We knew we could be better

November 09, 2008|By DAN RODRICKS | DAN RODRICKS,dan.rodricks@baltsun.com

There was a memorable moment in the 1980s, during Ronald Reagan's second term in office, when a person I admired - someone who had worked for John F. Kennedy's election, someone who had taken part in student sit-ins of segregated restaurants, someone who had protested the war in Vietnam and who had worked for Bobby Kennedy's election in 1968 - raised an empty bottle of Robert Mondavi estate-bottled cabernet and bragged that he had paid $200 for it at dinner the night before.

That was when I knew the country had changed, and not for the better.

Of course, there was a big party under way in the 1980s, after the recession of the early part of the decade, and various masters of the universe were accumulating wealth and enjoying fast growth in income. Trickle-down economics worked for some people; they acquired bigger homes - and second, even third homes - extra cars and SUVs and large nights-out in an ever-increasing number of upscale restaurants. There were plenty of Gordon Geckos around, and Gordon Gecko wannabes.

I hadn't expected the person with the empty bottle of Mondavi to be among them. He hadn't taken a vow of poverty - even Democrats get rich sometimes - and I wasn't expecting him to adopt the all-outrage-all-the-time, no-fun style of Ralph Nader.

But the conspicuous consumption, and surrender to the times, surprised me.

Long ago disillusioned - by assassination, of course, but also by an elaborate rewriting of 20th-century history that declared the New Deal misguided and the Great Society an abysmal failure - the man with the Mondavi had pretty much dropped idealism and populist politics for the creature comforts of the nouveau riche and acquiescence to the Reagan Revolution.

"If you are not a liberal by the time you are 20, you don't have a heart," Winston Churchill had so cleverly put it. "If you are not a conservative by the time you are 40, you don't have a brain."

And Churchill's quote was often used in the 1980s. The message: Grow up. Get yours while you can. Every man for himself. There were other themes: Government is the enemy of the people, not its protector. Less government is better government. Regulation stifles growth. The free markets will create prosperity for all.

But something was missing in the measurement of the nation's condition in the giddy 1980s - something that returned with Barack Obama.

I don't know when the story was first presented - I guess from the parents of baby boomers who had gone through the Great Depression and World War II - but once upon a time, there was an America less about conspicuous consumption and more about the common good.

There were once leaders who spoke about this openly and who pushed the idea that we're all in this together, that public service is a noble thing, that smart government can protect and help people, and that each of us has a responsibility to be part of serving and lifting up others.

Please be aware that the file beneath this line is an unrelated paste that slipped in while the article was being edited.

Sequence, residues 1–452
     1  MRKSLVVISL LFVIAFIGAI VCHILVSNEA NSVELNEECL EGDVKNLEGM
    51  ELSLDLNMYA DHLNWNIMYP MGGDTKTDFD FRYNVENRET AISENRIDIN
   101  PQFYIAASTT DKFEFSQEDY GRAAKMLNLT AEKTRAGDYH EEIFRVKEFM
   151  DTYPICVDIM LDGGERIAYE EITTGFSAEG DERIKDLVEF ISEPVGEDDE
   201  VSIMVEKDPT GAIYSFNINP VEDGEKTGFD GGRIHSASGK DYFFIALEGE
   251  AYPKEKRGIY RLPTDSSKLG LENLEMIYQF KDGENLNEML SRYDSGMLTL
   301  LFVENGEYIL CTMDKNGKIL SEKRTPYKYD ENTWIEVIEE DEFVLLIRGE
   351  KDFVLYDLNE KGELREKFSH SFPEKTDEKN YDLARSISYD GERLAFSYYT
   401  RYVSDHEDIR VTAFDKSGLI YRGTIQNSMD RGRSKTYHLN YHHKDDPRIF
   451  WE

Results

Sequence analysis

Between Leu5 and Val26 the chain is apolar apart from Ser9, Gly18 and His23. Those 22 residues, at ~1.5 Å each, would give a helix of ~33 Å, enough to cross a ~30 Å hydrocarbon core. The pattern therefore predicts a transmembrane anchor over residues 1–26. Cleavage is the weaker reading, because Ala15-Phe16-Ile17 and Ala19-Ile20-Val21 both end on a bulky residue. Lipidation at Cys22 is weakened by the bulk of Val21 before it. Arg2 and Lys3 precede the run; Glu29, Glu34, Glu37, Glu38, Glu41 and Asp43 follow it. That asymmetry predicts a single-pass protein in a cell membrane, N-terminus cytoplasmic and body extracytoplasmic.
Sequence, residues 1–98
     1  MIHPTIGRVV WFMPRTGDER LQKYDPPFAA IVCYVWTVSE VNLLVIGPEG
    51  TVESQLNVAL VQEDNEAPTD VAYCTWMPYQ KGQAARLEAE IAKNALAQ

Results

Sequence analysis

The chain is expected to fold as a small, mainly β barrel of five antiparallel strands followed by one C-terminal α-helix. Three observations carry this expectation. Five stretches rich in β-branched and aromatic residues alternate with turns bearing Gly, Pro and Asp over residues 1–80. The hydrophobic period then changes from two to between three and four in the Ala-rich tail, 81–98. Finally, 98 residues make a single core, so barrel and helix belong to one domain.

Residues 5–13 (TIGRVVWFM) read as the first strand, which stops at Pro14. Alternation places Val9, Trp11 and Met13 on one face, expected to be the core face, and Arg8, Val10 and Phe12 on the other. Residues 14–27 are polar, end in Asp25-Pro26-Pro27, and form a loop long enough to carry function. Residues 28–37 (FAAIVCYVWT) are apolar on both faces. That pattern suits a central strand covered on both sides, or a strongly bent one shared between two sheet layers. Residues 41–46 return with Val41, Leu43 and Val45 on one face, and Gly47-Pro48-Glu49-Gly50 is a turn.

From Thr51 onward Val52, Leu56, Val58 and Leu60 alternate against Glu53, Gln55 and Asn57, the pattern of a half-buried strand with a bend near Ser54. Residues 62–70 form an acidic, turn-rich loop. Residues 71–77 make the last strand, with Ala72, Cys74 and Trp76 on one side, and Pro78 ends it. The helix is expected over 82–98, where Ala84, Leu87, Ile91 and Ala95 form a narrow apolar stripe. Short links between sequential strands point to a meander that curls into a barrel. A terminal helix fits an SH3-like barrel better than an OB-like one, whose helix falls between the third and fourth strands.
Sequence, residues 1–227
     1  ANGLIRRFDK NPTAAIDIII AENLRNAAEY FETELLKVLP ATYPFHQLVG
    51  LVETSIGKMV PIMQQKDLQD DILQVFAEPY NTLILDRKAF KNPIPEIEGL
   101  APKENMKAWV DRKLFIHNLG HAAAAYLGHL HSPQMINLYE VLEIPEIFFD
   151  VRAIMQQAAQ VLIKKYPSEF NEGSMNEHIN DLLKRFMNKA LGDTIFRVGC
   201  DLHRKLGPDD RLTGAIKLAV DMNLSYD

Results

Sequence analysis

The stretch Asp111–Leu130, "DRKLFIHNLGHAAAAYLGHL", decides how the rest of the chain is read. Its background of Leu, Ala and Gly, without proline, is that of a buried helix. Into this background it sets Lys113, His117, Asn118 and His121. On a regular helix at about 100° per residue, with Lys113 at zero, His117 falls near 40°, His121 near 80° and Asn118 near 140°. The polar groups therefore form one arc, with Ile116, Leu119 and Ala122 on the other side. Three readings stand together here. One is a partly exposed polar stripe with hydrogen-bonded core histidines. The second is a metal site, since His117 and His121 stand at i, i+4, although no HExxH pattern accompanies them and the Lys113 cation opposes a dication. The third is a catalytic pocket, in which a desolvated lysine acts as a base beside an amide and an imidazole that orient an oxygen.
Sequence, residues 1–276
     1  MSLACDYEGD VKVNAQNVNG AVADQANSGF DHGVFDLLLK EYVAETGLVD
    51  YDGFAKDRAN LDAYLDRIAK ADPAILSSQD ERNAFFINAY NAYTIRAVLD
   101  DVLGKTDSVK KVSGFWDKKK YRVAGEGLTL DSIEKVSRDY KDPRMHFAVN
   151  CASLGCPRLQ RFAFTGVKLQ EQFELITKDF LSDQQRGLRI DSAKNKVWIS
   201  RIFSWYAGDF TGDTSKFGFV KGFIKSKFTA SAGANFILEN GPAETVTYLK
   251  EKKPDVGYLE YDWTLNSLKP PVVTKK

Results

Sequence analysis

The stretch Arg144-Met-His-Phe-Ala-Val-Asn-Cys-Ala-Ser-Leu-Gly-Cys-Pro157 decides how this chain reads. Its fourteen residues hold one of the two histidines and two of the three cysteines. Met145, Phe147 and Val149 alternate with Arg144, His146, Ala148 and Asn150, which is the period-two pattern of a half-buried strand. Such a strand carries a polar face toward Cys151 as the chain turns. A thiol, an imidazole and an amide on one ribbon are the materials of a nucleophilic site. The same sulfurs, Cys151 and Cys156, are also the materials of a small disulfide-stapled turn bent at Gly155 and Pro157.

"Ask not what your country can do for you," JFK said in his inauguration speech; "ask what you can do for your country."

There were once leaders who spoke of eradicating poverty, of making the education system in United States a model for the world, of being vigilant against the greed that could shake the economy and shatter the dreams of the working class. We once had leaders who challenged Americans to do their part - sacrifice for the greater good - and who themselves were motivated not by extreme ideology but by tempered desire to leave the nation a better place.

This is something people have been hungry to respond to, and that's why Obama was elected president last week.

We have been engaged in a long cultural war in this nation, with some of the most cynical and negative voices being heard daily across the fruited plain for years. Our kids, the new generation of citizens, heard all that ideological bickering and must have wondered what we've been doing all this time - allowing millions to remain in poverty and without health insurance, engaging in a costly and unnecessary war that damaged our reputation around the globe, remaining dependent on foreign oil, missing opportunities to fully use our domestic brainpower to create alternative energy sources and protect, even improve, the environment. The kids look at us and wonder why, if we're so great, we're leaving them a mountain of debt and a warming globe.

Now they have Obama. And so do we - their parents. Baby boomers know it's time to get serious again - to do as our parents did and fix the country for our children.

Obama knew this when he got into the campaign. He knew that America was better than what we've shown and that Americans can only go so long before our better angels rise and fly.

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